The Japanese Art of Ikebana

Features Issue 81 Jul, 2010
Text by Nandita Rana

Flowers have been a favorite subject of artists, poets, writers and philosophers for cen-
turies. The celebrated works of William Wordsworth, I Wandered Lonely as a Cloud (also known as ‘The Daffodils’), van Gogh’s Sunflowers series and Monet’s Water Lilies all center around the theme of flowers and their prominence in human endeavors, moods and feelings. Even rituals of life from birth and marriage to death emphasize the importance of flowers and their symbolism. Most often flowers are associated with beauty, sensitivity, elegance and love which have a connection to divinity. Irrespective of any culture or religion, flowers hold a significant symbolic connotation.

Hindu  mythology, for example, places great importance on the lotus and deems it as the sacred seat of Lord Brahma, the Creator. The Romans worshipped the goddess Flora representative of the season of spring and of flowers. The white lily, symbolic of purity, is associated with the Virgin Mary in Christianity. In Buddhism Lord Buddha is represented by the lotus, a symbol of knowledge, while Chinese rituals, especially weddings, emphasize the use of orchids as a symbol for love and fertility. These beliefs and practices and their connections with flowers are almost synonymous. So, too, is another very popular floral culture—the ancient Japanese tradition of Ikebana.

Ikebana is a traditional Japanese art of flower arrangement that literally means ‘arranged flowers’ in the Japanese language. Among the arts, it is considered equivalent to painting and sculpture. The introduction of Buddhism from China in the 6th century led to the practice of Ikebana as floral offerings (also known as kuge) to the Buddha, and to the souls of the dead. This practice, which dates back more than 600 hundred years, has evolved over the centuries and comprises varied styles as separate schools of floral arrangement. Together with a deep spiritual and religious significance, Ikebana has developed as a decorative art form that uses both flowers and branches in different symbolic styles. It is based on the philosophy of developing closeness between Man and Nature.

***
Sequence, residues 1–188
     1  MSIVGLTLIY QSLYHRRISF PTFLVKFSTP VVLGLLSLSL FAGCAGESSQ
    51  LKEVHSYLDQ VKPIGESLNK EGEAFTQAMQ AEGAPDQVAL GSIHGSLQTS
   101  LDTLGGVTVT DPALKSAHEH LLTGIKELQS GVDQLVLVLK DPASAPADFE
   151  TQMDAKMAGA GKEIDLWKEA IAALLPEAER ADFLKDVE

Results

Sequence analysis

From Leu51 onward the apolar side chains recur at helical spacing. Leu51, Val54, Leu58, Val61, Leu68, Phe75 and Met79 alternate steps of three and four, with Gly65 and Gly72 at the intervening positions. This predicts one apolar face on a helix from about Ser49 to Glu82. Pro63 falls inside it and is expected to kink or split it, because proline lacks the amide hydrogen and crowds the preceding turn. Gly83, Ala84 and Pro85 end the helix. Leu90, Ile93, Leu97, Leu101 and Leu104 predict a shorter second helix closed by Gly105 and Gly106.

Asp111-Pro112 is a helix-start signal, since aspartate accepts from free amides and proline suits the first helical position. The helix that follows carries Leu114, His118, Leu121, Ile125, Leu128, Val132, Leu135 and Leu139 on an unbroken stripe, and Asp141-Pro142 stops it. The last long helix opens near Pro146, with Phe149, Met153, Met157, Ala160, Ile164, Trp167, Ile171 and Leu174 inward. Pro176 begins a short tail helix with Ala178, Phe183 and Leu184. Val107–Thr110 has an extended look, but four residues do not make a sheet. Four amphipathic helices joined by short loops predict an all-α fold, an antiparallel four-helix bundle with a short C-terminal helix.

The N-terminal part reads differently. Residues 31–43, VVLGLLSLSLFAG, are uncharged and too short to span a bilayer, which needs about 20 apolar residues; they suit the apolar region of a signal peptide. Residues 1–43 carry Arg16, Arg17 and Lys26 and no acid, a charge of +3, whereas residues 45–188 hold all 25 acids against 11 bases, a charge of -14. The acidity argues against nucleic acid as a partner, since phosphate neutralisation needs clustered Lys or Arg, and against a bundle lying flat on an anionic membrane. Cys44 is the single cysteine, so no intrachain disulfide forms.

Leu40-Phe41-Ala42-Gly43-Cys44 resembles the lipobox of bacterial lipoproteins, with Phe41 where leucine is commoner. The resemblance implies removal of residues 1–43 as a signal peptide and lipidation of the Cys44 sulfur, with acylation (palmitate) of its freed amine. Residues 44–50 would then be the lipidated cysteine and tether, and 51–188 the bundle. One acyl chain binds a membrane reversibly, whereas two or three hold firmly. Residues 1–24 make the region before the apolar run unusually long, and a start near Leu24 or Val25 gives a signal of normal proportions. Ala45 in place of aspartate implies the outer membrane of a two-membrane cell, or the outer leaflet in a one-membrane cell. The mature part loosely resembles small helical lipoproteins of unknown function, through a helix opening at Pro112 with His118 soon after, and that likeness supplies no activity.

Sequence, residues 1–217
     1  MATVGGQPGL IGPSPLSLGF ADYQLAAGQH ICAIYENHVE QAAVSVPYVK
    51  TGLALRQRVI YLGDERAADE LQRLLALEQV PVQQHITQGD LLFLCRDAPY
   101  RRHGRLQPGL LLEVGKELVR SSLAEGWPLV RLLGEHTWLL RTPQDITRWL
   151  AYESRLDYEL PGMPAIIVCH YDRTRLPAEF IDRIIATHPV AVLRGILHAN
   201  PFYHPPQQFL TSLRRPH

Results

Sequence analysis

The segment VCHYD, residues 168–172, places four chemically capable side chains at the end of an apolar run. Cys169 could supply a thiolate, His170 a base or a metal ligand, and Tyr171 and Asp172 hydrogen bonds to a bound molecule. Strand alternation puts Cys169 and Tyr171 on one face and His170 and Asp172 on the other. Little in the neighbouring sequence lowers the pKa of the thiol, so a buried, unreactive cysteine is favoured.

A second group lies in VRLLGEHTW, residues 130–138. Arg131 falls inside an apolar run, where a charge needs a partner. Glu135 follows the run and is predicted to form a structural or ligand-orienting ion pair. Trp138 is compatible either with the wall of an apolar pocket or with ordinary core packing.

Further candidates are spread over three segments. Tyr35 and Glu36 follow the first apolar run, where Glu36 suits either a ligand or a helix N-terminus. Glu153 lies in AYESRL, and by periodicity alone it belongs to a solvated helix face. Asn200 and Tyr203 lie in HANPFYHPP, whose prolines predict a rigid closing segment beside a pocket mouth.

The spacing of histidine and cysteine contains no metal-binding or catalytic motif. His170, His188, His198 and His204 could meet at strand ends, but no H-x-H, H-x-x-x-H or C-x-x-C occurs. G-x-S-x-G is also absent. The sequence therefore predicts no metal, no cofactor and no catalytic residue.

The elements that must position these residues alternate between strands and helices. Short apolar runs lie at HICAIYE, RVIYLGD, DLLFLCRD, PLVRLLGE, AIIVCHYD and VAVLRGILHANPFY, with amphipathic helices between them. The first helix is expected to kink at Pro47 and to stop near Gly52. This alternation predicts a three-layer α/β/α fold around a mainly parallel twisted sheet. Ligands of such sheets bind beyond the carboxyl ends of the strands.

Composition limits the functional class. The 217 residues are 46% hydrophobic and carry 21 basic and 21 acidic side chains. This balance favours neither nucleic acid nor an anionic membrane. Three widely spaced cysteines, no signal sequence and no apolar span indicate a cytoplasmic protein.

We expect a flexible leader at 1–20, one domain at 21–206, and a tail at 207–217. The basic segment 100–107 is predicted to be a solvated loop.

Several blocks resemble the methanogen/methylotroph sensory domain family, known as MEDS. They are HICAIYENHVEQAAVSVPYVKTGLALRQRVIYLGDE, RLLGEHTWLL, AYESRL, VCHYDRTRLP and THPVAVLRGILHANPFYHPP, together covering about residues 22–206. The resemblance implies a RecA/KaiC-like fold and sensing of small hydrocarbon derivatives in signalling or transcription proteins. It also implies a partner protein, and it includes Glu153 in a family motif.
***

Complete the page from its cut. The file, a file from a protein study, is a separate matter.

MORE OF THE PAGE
Living materials such as the freshly cut branches, vines, leaves, grasses, berries, fruit and seeds, even wilted or dried plants, are essential elements in Ikebana. The container to place them in is also of significance. The relationship between the materials used their shape, size, color, texture and volume as well as their style of arrangement, and the place and occasion for its display, are all of vital consideration in Ikebana, where each aspect has its respective denotation. The practice of Ikebana is also a form of meditation that places high value on awareness in respect to time, especially the change and passage of seasons. Becoming ‘aware’ is the first step to involving oneself with the art.

The different schools of Ikebana are categorized by the characteristic styles and arrangement techniques of the flowers. The Ikenobo School, for example, is said to have originated from a priest of the Rokkakudo Temple in Kyoto who was an expert in flower arrangement. Since the priest lived by the side of a lake, referred to as Ikenobo in Japanese, that name was given to what is thought to be the oldest Ikebana school. Ikenobo incorporates two prominent styles, Rikka and Shoka. The Rikka style, which was developed in the early 17th century, is a formal upright style associated with the beauty of natural landscapes, while the Shoka style is a simple, graceful technique suggesting the characters and growth of a plant with regards to the environment. Shoka was developed in the early 1800’s.

The other schools include Chiko, which uses ornaments, flowers, fruits and other accessories to express harmony between floral and non-floral existence. The Ichiyo School accentuates personal interpretation and imagination. The Kozan School identifies the unique essence of each plant and flower. The Ohara School is one of the most prominent contemporary Ikebana techniques. It was developed in the 19th century and incorporates a style known as Moribana, which uses shallow containers and reflects a Western influence. The Ryusei-Ha, Saga Gory, Shinpa Seizan and Sogetsu Schools are other Ikebana schools that have their distinct styles of arrangement and their definite religious and symbolic representations, some of which are adventurous and some subtle.